Apple invests in breakthrough project to deliver CO2 free aluminium



The tech giant Apple is involved in a project that could produce CO2 free aluminium. Photo credit: Apple.


By Anders Lorenzen 

The tech giant Apple has said they’re investing in a groundbreaking project that can deliver CO2 free aluminium.

The company says they have played a key role in a joint project which they believe could help change global manufacturing. They have joined forces with the aluminium giants Alcoa Corporation and Rio Tinto Aluminium to commercialise a patented technology that eliminates direct greenhouse gas emissions from the traditional smelting process, a key step in aluminium production. This is believed to be a revolutionary advancement in the manufacturing of one of the world’s most widely used metals. The partnership also includes a combined investment of $144 million towards future research and development by the Canadian central government and the regional government of Quebec.

Not only is aluminium a key element in many Apple products but it is also used in a host of other industries such as transportation, construction, electrical infrastructure, and other consumer products, just to mention a few. Therefore drastically reducing emissions in the aluminium production process could be hugely important.

The process

Apple says they have long searched for methods to reduce the CO2 impact from producing aluminium, and actually started that search in 2015. The company says that after meeting with the biggest aluminium companies, independent labs and startups around the world, their engineers Brian Lynch, Jim Yurko and Katie Sassaman found their answer at Alcoa Corporation. The engineers learned that Alcoa had designed a completely new process that replaces the carbon sources involved in the process with an advanced conductive material that, instead of carbon dioxide, releases oxygen. The potential environmental impact was huge. Apple says to help realise it quickly, Alcoa needed a partner.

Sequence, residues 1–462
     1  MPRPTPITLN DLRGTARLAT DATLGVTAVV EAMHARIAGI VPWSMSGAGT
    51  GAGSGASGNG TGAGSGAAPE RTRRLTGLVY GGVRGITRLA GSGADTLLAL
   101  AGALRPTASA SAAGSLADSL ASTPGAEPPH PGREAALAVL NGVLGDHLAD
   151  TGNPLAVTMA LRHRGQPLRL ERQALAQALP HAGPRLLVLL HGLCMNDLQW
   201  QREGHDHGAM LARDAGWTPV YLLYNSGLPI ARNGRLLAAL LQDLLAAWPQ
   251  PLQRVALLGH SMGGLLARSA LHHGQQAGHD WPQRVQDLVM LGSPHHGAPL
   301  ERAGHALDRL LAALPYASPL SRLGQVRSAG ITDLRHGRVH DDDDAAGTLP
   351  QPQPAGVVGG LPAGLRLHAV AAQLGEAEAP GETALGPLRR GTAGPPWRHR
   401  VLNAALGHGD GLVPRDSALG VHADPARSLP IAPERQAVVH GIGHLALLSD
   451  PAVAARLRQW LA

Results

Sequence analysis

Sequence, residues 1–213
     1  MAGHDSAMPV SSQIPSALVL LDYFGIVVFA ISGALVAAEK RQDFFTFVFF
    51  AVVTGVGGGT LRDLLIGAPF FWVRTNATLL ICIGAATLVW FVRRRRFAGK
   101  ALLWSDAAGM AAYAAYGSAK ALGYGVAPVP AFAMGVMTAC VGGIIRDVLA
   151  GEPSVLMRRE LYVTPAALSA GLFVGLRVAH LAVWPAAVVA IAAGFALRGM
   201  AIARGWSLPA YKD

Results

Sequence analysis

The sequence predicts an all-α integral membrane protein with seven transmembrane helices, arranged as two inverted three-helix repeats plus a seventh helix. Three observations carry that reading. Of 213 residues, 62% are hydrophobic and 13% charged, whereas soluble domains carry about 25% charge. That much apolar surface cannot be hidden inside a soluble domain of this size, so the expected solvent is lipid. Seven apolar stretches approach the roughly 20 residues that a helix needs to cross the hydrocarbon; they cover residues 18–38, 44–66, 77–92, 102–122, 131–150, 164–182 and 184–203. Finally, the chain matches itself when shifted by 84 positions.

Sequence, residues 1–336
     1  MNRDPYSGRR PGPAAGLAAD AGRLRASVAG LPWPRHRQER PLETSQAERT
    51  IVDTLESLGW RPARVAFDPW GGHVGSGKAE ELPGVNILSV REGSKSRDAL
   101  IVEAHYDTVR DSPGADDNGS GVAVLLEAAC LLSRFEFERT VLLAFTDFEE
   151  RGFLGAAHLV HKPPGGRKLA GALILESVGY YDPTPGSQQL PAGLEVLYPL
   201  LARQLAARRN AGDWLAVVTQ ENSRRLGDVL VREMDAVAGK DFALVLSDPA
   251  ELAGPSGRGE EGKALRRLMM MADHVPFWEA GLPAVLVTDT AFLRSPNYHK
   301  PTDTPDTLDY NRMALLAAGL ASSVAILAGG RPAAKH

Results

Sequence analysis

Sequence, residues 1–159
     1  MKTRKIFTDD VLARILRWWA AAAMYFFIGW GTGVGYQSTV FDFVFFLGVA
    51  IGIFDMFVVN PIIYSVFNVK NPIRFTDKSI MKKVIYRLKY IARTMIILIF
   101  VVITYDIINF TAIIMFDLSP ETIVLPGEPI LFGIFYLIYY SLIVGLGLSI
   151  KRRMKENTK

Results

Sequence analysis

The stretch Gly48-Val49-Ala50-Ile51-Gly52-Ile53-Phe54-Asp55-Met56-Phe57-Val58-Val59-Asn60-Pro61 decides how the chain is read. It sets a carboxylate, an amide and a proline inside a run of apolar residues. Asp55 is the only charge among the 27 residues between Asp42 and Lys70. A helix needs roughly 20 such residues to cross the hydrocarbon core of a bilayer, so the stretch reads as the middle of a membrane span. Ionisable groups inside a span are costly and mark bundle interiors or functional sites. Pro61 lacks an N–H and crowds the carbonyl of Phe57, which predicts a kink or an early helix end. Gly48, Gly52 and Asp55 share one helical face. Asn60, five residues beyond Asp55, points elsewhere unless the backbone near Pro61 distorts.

That was when Apple brought Rio Tinto to the table. They believed the mining giant had a robust worldwide presence as well as deep experience in smelting technology development and international sales and commercialisation.

Together, the two aluminium companies formed a joint venture called Elysis, which will work to develop this technology further for larger scale production and commercialisation, with a package planned for sale beginning in 2024. Apple says they will continue to provide technical support as well. The patent-pending technology is already in use at the Alcoa Technical Centre, outside Pittsburgh, and this project will invest more than $30 million in the United States.

The tech giant says if fully developed and implemented, this new method has the potential to eliminate direct greenhouse gas emissions from the smelting process around the world, strengthening the closely integrated Canada-United States aluminium and manufacturing industries.

Aluminium has been mass produced in the same way since 1886 when the process was pioneered by Alcoa’s founder, Charles Hall. The process involves applying a strong electrical current to alumina, which removes oxygen. Both Hall’s original experiments and today’s largest smelters use a carbon material that burns during the process, producing greenhouse gases.

Apple CEO Tim Cook said: “Apple is committed to advancing technologies that are good for the planet and help protect it for generations to come. We are proud to be part of this ambitious new project, and look forward to one day being able to use aluminium produced without direct greenhouse gas emissions in the manufacturing of our products.”

Apple’s did not waste any time loading their other green credentials, also announcing that last month all of its facilities are now powered with 100 percent clean energy and 23 of its suppliers have committed to do the same. Additionally, as part of the company’s goal to eventually make all of its products from recycled or renewable materials, it debuted Daisy, a robot that can more efficiently disassemble iPhones to recover valuable parts for future high tech recycling.


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